Date(s) - 14 Apr 2022
7:30 pm - 9:00 pm


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Associate Professor Clare Bankhead, Nuffield Department of Primary Care Health Sciences, University of Oxford

At every healthcare encounter in the UK, data are collected and stored in electronic healthcare records.  There is potential to link data from general practice records with hospital records (outpatients, accident and emergency and inpatient hospital stays) and with other sources, such as cancer and death registrations.  We have access to thousands of observations on millions of people, over decades of years.

This raises the opportunity to harness the power and granularity of these data for medical research and ultimately to improve clinical care and health outcomes.  Use of these resources have altered the scope, and the speed, of the epidemiology that may be conducted.  Novel analytics, including the application of artificial intelligence are increasing.  The combination of the availability of data and the techniques are rapidly advancing our knowledge.

However, the use of these data also presents some obstacles.  We must remember that this information is not collected for the purposes of medical research. It is not collected in a standardised way, is not available at regular time intervals, nor from everyone and is largely based on coded medical information.  Wrangling these records into an analysable form is a specialist task.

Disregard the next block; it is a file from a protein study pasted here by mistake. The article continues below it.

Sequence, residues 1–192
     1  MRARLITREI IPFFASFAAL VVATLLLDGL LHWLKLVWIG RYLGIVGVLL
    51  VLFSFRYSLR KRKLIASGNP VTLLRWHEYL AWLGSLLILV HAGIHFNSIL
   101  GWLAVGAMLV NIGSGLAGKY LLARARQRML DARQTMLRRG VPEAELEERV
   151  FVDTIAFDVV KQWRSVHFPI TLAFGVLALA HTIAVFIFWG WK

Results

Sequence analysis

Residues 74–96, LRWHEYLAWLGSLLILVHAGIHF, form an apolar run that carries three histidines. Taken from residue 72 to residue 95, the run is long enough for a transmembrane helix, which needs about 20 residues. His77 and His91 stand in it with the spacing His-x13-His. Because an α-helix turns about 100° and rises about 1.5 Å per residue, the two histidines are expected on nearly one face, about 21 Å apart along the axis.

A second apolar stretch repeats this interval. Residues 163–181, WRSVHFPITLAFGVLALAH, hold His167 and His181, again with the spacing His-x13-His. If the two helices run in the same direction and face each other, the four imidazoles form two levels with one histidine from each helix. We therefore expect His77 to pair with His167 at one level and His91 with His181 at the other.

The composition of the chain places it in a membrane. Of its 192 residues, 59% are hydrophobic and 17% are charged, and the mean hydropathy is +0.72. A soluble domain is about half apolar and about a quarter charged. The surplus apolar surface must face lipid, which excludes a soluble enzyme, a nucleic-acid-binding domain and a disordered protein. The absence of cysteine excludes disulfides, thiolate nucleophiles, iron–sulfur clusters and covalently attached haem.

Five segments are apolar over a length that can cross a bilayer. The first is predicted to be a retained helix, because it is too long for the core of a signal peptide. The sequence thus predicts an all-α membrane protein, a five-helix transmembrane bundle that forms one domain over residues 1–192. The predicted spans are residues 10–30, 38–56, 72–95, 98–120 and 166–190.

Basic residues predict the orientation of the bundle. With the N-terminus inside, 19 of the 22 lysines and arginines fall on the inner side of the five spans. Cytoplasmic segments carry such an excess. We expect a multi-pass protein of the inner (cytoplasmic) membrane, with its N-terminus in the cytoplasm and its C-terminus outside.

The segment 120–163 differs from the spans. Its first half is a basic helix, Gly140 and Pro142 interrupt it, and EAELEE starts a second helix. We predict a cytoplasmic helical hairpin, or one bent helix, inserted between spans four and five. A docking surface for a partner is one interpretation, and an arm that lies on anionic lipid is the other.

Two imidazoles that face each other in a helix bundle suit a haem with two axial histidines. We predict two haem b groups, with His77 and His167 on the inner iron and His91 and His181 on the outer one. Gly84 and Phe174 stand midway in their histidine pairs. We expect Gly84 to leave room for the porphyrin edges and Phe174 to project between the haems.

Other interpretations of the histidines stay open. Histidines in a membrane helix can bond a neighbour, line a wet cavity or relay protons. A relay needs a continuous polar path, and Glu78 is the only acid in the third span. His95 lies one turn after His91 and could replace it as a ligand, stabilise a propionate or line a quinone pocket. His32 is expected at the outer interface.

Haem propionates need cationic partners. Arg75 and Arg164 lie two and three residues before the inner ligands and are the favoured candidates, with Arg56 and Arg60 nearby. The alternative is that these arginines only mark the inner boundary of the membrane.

Furthermore, the Government’s initiative to introduce a daily download of our medical data (which is separate from the current research data available) may lead to increasing opt-outs.  Other considerations include the sheer volume of these data, leading to computational and statistical implications.

This talk will be illustrated with examples of the research conducted using routinely collected healthcare data, including studies of rare diseases, understanding disease risk factors, clinical prediction rules, and monitoring of drug and vaccine effectiveness and side effects.  Mention will also be made about how research findings have been used and integrated into clinical care.


Clare Bankhead is an Associate Professor in the Nuffield Department of Primary Care Health Sciences, University of Oxford and a Fellow of Kellogg College She is a senior epidemiologist with a special interest in research design and statistics.   Her main research focuses are on the use of large routine databases and digital health in medical research.  Research areas include health service utilization, diagnosis and monitoring of chronic diseases, and cancer diagnosis.
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